Onfido and Trueface work to remove bias from facial recognition technologies
At the conference, Martins Bruveris, machine learning research scientist at Onfido talked about reducing geographic performance differentials for facial recognition.
Mosalam Ebrahimi from Trueface, on the other hand, focused on discussing bias mitigation strategy in relation to overly confident false matches.
Reducing geographic performance differentials in face biometrics
Bruveris’ presentation opened by describing the general issues related to achieving 1:1 facial recognition rates between selfies and document photos.
The scientist mentioned the fact that photos in documents are not in high resolution, often are partially obscured by security features and holograms, and have low contrast.
Moreover, since they are printed on paper, they are subject to inherent image quality degradation over time.
Bruveris proceeded by saying that “no research happens in a vacuum,” and mentioning numerous sources upon which Onfido has run his tests in order to reduce geographic performance differentials in face biometrics.
To conduct these tests, the company also analysed an in-house dataset of 6.8 million image pairs, plus additional 100,000 external ones, including document issued IDs with available metadata regarding gender and other information.
Bruveris noted how the analysed data was ”imbalanced” and not uniformly distributed as the company had more datasets in countries where it had conducted business, mostly Europe and the U.S.
In other words, some countries were very well represented in the datasets, while others were not. This led to a false acceptance rate substantially higher in Asia and Africa.
In order to tackle this issue, Onfido deployed a series of mitigating strategies revolving around the ideas of Equal Sampling, Adjusted Sampling, and Dynamic Sampling.
Equal Sampling consists of choosing data samples in equal numbers from each continent, while weighted sampling attributes data sets with fewer entries a higher value.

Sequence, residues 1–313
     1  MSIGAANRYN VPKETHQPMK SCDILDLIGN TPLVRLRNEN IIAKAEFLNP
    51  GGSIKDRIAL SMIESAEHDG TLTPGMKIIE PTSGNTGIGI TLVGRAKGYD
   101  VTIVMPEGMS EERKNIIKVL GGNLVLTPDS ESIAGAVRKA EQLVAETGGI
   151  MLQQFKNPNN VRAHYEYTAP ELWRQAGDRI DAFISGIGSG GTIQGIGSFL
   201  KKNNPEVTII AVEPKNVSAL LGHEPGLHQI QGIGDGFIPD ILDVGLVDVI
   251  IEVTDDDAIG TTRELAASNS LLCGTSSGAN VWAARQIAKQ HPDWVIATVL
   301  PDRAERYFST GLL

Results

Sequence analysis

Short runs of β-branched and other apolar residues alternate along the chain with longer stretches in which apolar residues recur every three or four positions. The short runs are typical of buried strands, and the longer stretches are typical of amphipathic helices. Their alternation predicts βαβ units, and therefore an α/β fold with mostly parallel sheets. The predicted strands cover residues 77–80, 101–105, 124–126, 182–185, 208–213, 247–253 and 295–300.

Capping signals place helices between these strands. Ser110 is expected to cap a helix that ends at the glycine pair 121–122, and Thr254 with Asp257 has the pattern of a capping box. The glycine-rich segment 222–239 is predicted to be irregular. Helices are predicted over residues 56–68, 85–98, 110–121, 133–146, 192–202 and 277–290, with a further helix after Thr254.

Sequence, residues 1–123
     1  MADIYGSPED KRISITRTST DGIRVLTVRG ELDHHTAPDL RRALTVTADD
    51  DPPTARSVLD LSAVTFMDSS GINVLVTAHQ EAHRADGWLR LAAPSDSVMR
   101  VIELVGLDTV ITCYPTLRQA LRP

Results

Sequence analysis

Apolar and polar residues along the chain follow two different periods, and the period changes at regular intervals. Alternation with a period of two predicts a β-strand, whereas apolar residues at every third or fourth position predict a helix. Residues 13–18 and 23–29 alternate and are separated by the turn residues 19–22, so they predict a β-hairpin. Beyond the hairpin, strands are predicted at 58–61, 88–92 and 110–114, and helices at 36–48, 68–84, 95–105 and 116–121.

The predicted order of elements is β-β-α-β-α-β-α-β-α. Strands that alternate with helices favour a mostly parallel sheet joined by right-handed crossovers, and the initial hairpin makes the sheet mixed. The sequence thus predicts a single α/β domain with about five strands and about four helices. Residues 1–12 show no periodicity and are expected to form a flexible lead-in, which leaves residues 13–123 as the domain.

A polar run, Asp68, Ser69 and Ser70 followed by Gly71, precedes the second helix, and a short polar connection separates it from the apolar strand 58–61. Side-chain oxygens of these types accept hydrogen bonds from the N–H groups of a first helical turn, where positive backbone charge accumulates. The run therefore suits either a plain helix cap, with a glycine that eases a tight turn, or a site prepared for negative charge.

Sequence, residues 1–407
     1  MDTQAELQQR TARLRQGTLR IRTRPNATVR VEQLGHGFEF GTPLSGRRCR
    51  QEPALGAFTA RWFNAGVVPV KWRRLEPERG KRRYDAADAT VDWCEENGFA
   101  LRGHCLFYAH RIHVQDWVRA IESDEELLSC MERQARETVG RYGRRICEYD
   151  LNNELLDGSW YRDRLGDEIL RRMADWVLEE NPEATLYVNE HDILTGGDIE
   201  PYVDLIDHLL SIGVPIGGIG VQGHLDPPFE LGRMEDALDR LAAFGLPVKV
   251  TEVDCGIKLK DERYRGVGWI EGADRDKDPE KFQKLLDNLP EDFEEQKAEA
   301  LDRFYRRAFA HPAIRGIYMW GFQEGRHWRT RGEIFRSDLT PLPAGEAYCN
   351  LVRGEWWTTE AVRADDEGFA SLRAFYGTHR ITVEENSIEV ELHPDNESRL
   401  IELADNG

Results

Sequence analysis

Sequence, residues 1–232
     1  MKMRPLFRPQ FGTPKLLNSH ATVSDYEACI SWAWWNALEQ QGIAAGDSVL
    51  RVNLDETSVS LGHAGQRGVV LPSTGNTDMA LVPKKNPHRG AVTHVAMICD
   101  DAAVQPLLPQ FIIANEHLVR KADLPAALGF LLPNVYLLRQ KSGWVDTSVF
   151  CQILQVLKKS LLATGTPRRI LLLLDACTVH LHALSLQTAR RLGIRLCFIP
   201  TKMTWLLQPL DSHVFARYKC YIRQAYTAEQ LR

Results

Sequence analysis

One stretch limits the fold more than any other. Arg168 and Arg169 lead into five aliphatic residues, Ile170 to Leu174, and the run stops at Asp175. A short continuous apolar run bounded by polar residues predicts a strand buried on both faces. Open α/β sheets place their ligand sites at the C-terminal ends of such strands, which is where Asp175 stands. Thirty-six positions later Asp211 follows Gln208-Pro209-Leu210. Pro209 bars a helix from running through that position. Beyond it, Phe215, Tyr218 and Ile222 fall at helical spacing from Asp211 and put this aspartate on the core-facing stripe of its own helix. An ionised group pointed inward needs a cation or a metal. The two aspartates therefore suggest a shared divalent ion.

Dynamic Sampling refers to weighted sampling with weights that are dynamically adjusted during training based on within-class false acceptance rate (FAR).
Bruveris specified that Onfido did not change the size of the dataset, but only the frequency with which a sample from each continent was chosen.
After the experiments, the company concluded that performance differentials can be reduced without balanced data, but that reducing FAR differential can lead to increased False Rejection Rate (FRR) differentials.
A facial recognition bias mitigation strategy for overly confident false matches
Mosalam Ebrahimi picked up where Bruveris left, reinforcing what the Onfido’s scientist said about algorithm bias in facial recognition applications.
He mentioned image recognition problems related to angle, grain and blurring. Moreover, that ethnicities underrepresented in the data set return higher false positives.
Ebrahimi gave a brief overview of Trueface’s work, mentioning some of the company’s recent projects. Specifically, the researcher described the company’s solution that generates a QR code containing encrypted biometric data extracted from a photo.
Ebrahimi also presented data related to the company’s algorithm speed, saying it is now four times faster than their own method in the FRVT 1:1 report on the same hardware.
This also allows the company’s software to selectively compress the parts of an image that have a higher bitrate using their own encoder and decoder, reducing file size, and maintaining high enough quality to reduce false positives.
The Trueface’s researcher then analysed why the similarity score (distance) is an imperfect confidence measure.
He argued the issue lies within the fact that the embedding is non-isometric with high distortion, and it maps the out-of-distribution points to random points in the destination metric.
Ebrahimi concluded his presentation by saying that overly confident false matches can be prevented by taking into consideration similarity scores’ probability density estimation, instead of point estimation.